Cost per liter of ferric chloride 32.00USD/L
Electricity consumption of each pump
Wastewater intake pump 30.00KWh/hr
Wastewater storage to R.O. system 15.00KWh/hr
High-pressure pump 45.00KWh/hr
Product transfer pump15.00KWh/hr
Membrane backwash pumps11.00KWh/hr
Total electricity consumption161.00KWh/hr
Cost of electrical energy
Cost/KWh (year 0 prices)0.17USD/KWh
Annual spare parts cost (% of CAPEX)0.01%
Administration and accounting
Number of administration and accounting 0.50#
Payment per person per month1500.00USD/Month
Number of operators 1#
Payment per operator 576.00USD/Month
Insurance 1000.00USD/Year
External support (engineering faculty)50.00USD/Month
Water quality monitoring50.00USD/Month
3. Tariff structure
Overall water price TL8.40TL/m³
Overall water price USD0.64USD/m³
Economic value of water produced 1.00USD/m³
4. Working capital
Accounts receivable (% of sales revenues)0%
Accounts payable (% of electricity costs)8%
Desired cash balance (% of labor costs)1%
5. Taxes and exchange rates
Real exchange rate
USD exchange rate Turkish lira USD/TL13.12
USD exchange rate euro USD/EUR0.89
Average euro exchange rate in 2022 to USD EUR/USD1.08
Cumulative price change E.U.R. 2015 to E.U.R. 202218.11%
Discount rates
Financial real discount rate8%
National parameters
Economic opportunity cost of capital (EOCK)8%
Foreign exchange premium (F.E.P.)0%
Source: All the data used to carry out this analysis was obtained from the operating records of the Levent Group, the owner and operator of this plant.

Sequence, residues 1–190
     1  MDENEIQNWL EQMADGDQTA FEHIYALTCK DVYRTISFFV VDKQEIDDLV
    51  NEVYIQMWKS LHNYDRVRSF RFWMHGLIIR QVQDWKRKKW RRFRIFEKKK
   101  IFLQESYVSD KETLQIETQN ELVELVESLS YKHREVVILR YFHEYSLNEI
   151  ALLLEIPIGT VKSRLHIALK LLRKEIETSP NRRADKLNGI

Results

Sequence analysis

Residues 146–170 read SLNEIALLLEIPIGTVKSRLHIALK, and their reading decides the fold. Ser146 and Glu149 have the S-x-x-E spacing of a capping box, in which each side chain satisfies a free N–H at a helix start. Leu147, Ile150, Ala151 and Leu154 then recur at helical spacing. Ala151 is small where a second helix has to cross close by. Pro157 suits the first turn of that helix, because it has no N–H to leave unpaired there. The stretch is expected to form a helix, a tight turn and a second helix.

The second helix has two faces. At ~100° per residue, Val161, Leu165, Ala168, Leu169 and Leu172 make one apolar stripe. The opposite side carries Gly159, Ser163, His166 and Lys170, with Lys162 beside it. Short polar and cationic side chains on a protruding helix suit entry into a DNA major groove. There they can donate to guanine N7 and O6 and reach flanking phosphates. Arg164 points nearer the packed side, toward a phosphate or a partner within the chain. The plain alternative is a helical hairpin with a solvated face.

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Table 1. Table of Parameters.
Table 1. Table of Parameters.
Table of Parameters
P . V . t   = 0 P . W . Financial net present value
r Financial, real discount rate
C t F Financial cost in year t
P . M . X . t F The financial value of the payment to the municipality for raw water
E . C . X . t F Total financial electricity cost of pumping
ChCX t F Total financial chemicals cost
FO & MX t F Total financial fixed O&M expenditures
ICAPE t E Total financial initial capital costs
RCAPEX t F Total financial recurrent capital costs
L . C . F Total financial levelized cost of water
C t E The economic cost in year t (without pollution)
C t E N C North Cyprus economic cost in year t
C t E C Y Cyprus economic cost in year t
C t E G The global economic cost in year t
PM t E The economic value of the payment to the municipality for raw water
E . C . t E Total economic electricity cost of pumping
ChC t E Total economic chemicals cost
FO & M t E Total economic fixed O&M expenditures
ICAPE t E Total economic initial capital costs
RCAPE t E Total economic recurrent capital costs
E C t N C The economic cost of local emissions in North Cyprus
E C t C Y The economic cost of local emissions in all of Cyprus
E C t G H G The economic cost of greenhouse gases
L . C . E 22 Total economic levelized cost of water (without pollution) 2022 prices
L . C . E N C 22 Total economic levelized cost of water (North Cyprus) 2022 prices
L . C . E C Y 22 Total economic levelized cost of water (all Cyprus) 2022 prices
L . C . E G 22 Total economic levelized cost of water (global) 2022 prices
Table 2. Present Value of Output and Costs by Levels of Operation Capacity, 2022 Prices.
Table 2. Present Value of Output and Costs by Levels of Operation Capacity, 2022 Prices.
Capacity Utilization (%)1007550
1Quantity of Water Produced (‘ 000) m3286721501433
2Total payment for wastewater (‘ 000) USD645.05483.79322.53
3Total electricity cost (‘ 000) USD1699.411281.37863.33
4Total chemicals cost (‘ 000) USD15.5411.657.77
5Total fixed O&M expenditures (‘ 000) USD196.02198.49200.97
6Total initial capital costs (‘ 000) USD272.87272.87272.87